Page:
Slow down. Take the time to experiment, develop, and be open to the unexpected. Find your own way and savor the journey—even, especially, its detours. Don’t jeopardize the quality of your work by being in a hurry to see your efforts in print. What you write is your child—you want to see it grow up to be the best it can be, but that means it has to go through the stages to maturity. Engage the senses as much if not more than the intellect. I love this quote by Ray Bradbury: “Your intuition knows what to write, so get out of the way.” Write what and because you have to write. Allow for the uniqueness of your voice and avoid the temptation of trends and popular appeal that risk you trying to be a writer other than the one you are meant to be. Or as Allen Ginsberg wrote, “To gain your own voice, you have to forget about having it heard.”
Who are your favorite authors?
My favorites are, for the most part, classic writers including the Brontës, George Eliot, Thomas Hardy, Gustave Flaubert, Emile Zola, Nathaniel Hawthorn, Henry James, Edith Wharton, Mary Webb, DH Lawrence, H.E. Bates, Colette, and Jean Rhys. As far as any more contemporary writers, specifically in the Historical Fiction category, I would say Tracy Chevalier—Girl With a Pearl Earring really inspired me to write my novel A House Near Luccoli—and, also like Chevalier, because of their very sensory and lyrical focus on artists and musicians, Susan Vreeland, Susanne Dunlap, Stephanie Cowell, and Laurel Corona.
How have you found the experience of publishing? What have been the highs and lows?
The lowest low regarding being published was when I thought I never would be, especially once I had finished A House Near Luccoli, was very proud of it, excited and, more than I had ever been with anything I’d written before it, determined to share it with others. I was considering self-publishing when serendipity directed me to a small publisher All Things That Matter Press—the day of signing my first contract with them was such a high point. The process of publishing two novels with ATTMP has been a thoroughly positive experience, especially working with Deb Harris, one of the owners of the press and a wonderful editor who knows how to get the best out of my writing, how to refine and clarify it. Of course, getting published is just the beginning of the rollercoaster ride of being an author. Building a readership offers many despairing days, but somehow never totally without a thought, a pause, in gratefulness for those who have ventured outside the main stream to find and read my work, which gives me the will to keep going. Perhaps the most satisfying high of all comes at the end of a good writing session.
What do you like best about writing? What do you like least?
I find such pleasure in words, their shape and sound; how they hold back and reveal and sometimes play tricks; how they accumulate, some seeming insignificant, others essential, but all necessary as out of the chaos of my thoughts and feelings they compose themselves to tell stories, pretend and reveal truths, amuse, engage the intellect, stir hearts, and reach out of and into souls. Writing has seen me through so much of my life, feeding my imagination and fulfilling my need to create. It’s always there with its unlimited possibilities, which encourage mine. There is hardly an hour that goes by that I don’t think about it, an obsession I perceive as a blessing in my life.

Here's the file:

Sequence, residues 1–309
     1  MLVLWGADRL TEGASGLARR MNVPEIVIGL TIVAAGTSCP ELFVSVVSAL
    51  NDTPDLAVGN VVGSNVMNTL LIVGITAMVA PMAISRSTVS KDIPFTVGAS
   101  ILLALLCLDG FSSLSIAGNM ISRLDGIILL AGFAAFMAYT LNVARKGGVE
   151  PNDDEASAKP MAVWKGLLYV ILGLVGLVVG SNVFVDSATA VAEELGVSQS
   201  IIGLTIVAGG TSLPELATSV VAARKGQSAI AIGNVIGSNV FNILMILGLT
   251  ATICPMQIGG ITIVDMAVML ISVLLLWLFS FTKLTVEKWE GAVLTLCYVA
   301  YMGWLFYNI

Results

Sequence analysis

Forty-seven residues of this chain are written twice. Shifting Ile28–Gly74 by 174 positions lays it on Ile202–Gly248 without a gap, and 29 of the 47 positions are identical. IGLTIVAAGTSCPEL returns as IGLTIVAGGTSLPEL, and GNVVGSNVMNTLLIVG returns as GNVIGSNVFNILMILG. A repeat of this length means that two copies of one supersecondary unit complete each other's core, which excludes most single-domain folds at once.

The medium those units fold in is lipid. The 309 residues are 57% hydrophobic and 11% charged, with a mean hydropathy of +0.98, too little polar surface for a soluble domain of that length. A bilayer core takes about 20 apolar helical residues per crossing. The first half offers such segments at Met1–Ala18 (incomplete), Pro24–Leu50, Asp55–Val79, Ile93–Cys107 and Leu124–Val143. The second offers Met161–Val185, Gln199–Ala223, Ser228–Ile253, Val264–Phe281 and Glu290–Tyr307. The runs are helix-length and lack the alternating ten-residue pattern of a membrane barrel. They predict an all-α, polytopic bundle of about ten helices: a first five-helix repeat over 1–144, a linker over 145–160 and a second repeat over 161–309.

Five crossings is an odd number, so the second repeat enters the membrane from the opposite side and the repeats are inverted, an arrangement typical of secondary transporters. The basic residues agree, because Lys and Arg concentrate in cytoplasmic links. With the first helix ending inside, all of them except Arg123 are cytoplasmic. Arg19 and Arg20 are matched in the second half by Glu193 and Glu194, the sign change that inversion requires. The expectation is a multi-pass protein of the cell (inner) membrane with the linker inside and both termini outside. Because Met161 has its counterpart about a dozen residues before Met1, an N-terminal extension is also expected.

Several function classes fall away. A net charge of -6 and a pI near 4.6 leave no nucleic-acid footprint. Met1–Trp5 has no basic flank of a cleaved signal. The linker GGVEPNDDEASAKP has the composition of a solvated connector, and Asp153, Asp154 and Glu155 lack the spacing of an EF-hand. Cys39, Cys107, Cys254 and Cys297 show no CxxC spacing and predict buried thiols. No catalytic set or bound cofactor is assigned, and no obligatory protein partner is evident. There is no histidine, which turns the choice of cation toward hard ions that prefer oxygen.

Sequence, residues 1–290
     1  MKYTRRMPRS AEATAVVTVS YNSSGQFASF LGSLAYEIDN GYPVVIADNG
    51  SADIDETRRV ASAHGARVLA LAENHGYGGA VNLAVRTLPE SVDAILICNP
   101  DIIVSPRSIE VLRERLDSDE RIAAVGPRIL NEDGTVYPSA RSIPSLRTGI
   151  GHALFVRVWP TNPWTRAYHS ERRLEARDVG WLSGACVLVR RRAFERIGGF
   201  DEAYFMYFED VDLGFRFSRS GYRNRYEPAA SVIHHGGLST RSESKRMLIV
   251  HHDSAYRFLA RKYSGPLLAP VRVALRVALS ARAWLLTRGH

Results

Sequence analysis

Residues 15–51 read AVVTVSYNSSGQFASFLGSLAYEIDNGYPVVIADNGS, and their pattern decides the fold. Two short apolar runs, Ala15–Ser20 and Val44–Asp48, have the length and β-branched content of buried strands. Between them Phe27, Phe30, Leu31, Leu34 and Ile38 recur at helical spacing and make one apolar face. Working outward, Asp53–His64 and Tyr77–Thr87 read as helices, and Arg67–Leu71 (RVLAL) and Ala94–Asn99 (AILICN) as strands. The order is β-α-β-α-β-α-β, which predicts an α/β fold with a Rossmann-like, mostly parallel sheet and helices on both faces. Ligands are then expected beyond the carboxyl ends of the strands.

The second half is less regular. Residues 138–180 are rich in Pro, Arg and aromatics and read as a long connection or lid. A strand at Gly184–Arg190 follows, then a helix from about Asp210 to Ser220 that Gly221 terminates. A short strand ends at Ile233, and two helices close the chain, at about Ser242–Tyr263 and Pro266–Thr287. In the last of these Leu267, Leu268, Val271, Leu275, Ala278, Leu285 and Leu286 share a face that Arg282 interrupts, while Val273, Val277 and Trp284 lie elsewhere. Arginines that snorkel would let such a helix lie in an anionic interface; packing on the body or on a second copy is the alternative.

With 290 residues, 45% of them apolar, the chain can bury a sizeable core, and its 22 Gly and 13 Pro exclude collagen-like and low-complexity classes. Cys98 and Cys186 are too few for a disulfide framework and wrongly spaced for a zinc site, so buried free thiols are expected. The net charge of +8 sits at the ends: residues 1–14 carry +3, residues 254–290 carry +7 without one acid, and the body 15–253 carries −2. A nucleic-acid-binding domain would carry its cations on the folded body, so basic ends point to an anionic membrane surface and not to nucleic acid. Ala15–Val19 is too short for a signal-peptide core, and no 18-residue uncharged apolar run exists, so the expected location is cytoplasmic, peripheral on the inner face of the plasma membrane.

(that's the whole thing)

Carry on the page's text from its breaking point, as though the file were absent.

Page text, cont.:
Is there anything I don’t like about writing? A few years ago I might have said marketing; like many newly published authors, at first it scared me to death. But, increasingly, I have accepted the challenge and even enjoyed it as it has become a creative exercise in itself. I don’t mind editing, on my own and working with a third party, because anything that brings all the months, even years, of hard work to the best conclusion is worth it and rewarding. The only thing I can think of that I really don’t like is the stress of wondering if something was missed in the editing, dreading coming across an error, however small, once the work is published.
What else would you like us to know about you and your books?
I’m also an artist—if more by accident than I’m a writer—and have done artwork for the covers of both my novels, grateful that my publisher has allowed me to contribute to their look. I’ve also done the cover of Dancing in the Rain, an excellent collection of poems by Yorkshire poet Christine Moran, as well as the illustrations of my kindle short stories. My blog has, over the past four years, featured much of my artwork along with poems and short prose pieces. I have self-published an illustrated poetry book, A Friendship with Flowers, that was originally a journal I did when I lived in England, about flowers throughout the year.
What song would you pick to go with your books?
Vincent/Starry, Starry Night by Don McLean, a song reflecting on the creative spirit who is an outsider and true individual, someone isolated and at the same time complete, fragile and yet enduring.
Facebook Author Page: https://www.facebook.com/dmdentonauthorartist?ref=bookmarks
Facebook Novel Pages:
Amazon Author Page: http://www.amazon.com/DM-Denton/e/B0093NWE4U/ref=dp_byline_cont_pop_book_1
Historical Fiction Links:
To A Strange Somewhere Fled